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Fantasy diary: To tell or not to tell?

Fantasy diary: To tell or not to tell?

Do you feel like your partner owes it to you to disclose all their sexual fantasies? And would you feel comfortable disclosing all of your sexual fantasies?

Almost everyone has sexual fantasies — and non sexual ones too. But, should we share those fantasies with our partner?

In a survey I conducted on discussing fantasies with a partner, a man in his 30’s said, “Your partner should know what you fancy and what you like. It’s a no Brainer — a relationship should be a safe space. Period.” When asked about a situation where his partner finds his fantasy weird, he said, “She is open to saying so. But it’s my fantasy. Loving me should require trying to understand it and may be trying to explore with me, I used to date a woman that loved anal. I found it REALLY weird. But that’s what she liked. Criticizing it is equal to me telling her not to be open and vulnerable with me again”.

“Being a good sexual partner means trying to understand the needs, wants, and feelings of the people we’re intimate with.”

Fantasy is the base of variety, imagination, and adventure for most of us when we experience sexual pleasure, either alone or with a partner. But relatively few couples seem to be able to trust their loved one with their fantasies and then find some way of “acting them out” together.

How to share your sexual fantasies with your partner

Sharing your fantasies can actually strengthen your relationship. What many people don’t realize is that sharing fantasies can often re-ignite the passion in a long term relationship.

Most of us want to know how to please our partners and would be interested in hearing their fantasies, so that we know the secret to making them happy. But shame and embarrassment can keep both partners from breaking the sexual stalemate. It often requires taking a risk to open up, to share and be vulnerable.

Below are some tips on how to share your sexual fantasies with your partner:


A good way to set up these conversations is by making sure the setting is relaxed, so sitting down on the sofa or having a bath together. Stay humorous and flirty, making the fantasy sound fun. You should be able to laugh about it, while also playing with new ideas.

It’s important both parties feel relaxed, comfortable and bonded,” says Cate Mackenzie, a psychosexual therapist couples counsellor. “If people are nervous to mention something, they can rush into expressing themselves, which may trigger the other person. People are more open when they feel safe and their nervous system is relaxed.”

‘I’ statements involving the other person can help: “I would love it if you smacked my bum” or “I would like to lick chocolate off your breasts”, for example. “You shouldn’t be saying anything along the lines of ‘you are so boring, you never try anything new’”, she adds. That’s a big turn off.


According to research the most common sexual fantasies include having a threesome, engaging in BDSM (including spanking, biting or being submissive/dominated), and shaking up a sex routine with different positions, locations or partners, to public sex and open relationships. Turning the focus onto your partner is a great way to kickstart the fantasy chat.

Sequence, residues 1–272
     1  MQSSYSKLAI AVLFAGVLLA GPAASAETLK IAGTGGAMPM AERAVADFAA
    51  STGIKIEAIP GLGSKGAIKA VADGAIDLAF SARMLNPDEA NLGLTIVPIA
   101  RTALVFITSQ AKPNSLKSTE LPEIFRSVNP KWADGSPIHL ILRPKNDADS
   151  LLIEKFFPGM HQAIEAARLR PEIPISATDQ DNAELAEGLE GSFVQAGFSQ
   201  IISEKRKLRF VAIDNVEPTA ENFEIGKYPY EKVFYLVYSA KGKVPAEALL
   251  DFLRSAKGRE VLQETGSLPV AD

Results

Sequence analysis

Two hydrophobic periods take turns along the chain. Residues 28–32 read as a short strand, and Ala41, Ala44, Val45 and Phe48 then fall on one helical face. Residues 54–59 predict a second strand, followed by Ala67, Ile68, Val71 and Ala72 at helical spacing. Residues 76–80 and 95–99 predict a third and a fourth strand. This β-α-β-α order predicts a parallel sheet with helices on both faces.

You can start by asking them questions on what they like, any new thing they’d want to try. The bottom line is also involving your partner, it shouldn’t just be about you.


To enter the zone gently, you could suggest a game, such as taking turns to describe a fantasy. Christopher, a sex therapist, recommends writing out a list of five fantasies each, putting them in a jar and then taking turns to pull them out and talk about them. If they’re a turn on for both of you, perhaps explore them a bit more.


An alternative approach is sharing erotic fiction with your partner, talking about why a story turned you on with a partner can be “much less daunting” than directly talking about your fantasies. But it can open up the conversation and create a landscape between you where you both feel more able to explore those things together.

When does fantasizing become unhealthy?

“Our imagination is polyamorous, and is the only part of our lives that is truly free.”

While Ella and Louis were ‘coupling’, Dolapo at some point drifted off, fantasizing about a woman touching her body and that led to her orgasmic moment. Is that bad? Is it wrong to fantasize about someone that is not your partner?

If you’re wondering whether fantasizing about someone else is standard behavior (and when doing so becomes unhealthy), ponder no more. The results are in: Most fantasies about sex are normal.

What are the abnormal ones?

Some fantasies can lead to trouble if one becomes fixated on them. They are the distancing fantasies, blocking intimacy in real life. Here goes a sample of them:

Fetishism: Sexual focus on objects, shoes, panties,stocking, or parts of the human body.

Masochism: Sexual urges and fantasies involving the act of being humiliated, beaten, bound or otherwise made to suffer.

Sadism: Pleasure is derived from expressing the aggressive instinct, and is related to rape.

Exhibitionism: Recurrent urge to show one’s genitals to others, in order to become aroused.

Voyeurism: Recurrent preoccupation with observing people who are naked, grooming or engaged in sexual activity.

Frotteurism: Rubbing of penis against the body of a fully clothed woman to achieve orgasm.

Pedophilia: Arousal by children. Jail sentences for people who engage in sexual activities with children are very harsh, and harsher is the treatment they get by their inmates.

What are your thoughts on fantasies? Let us know in the comments section below.

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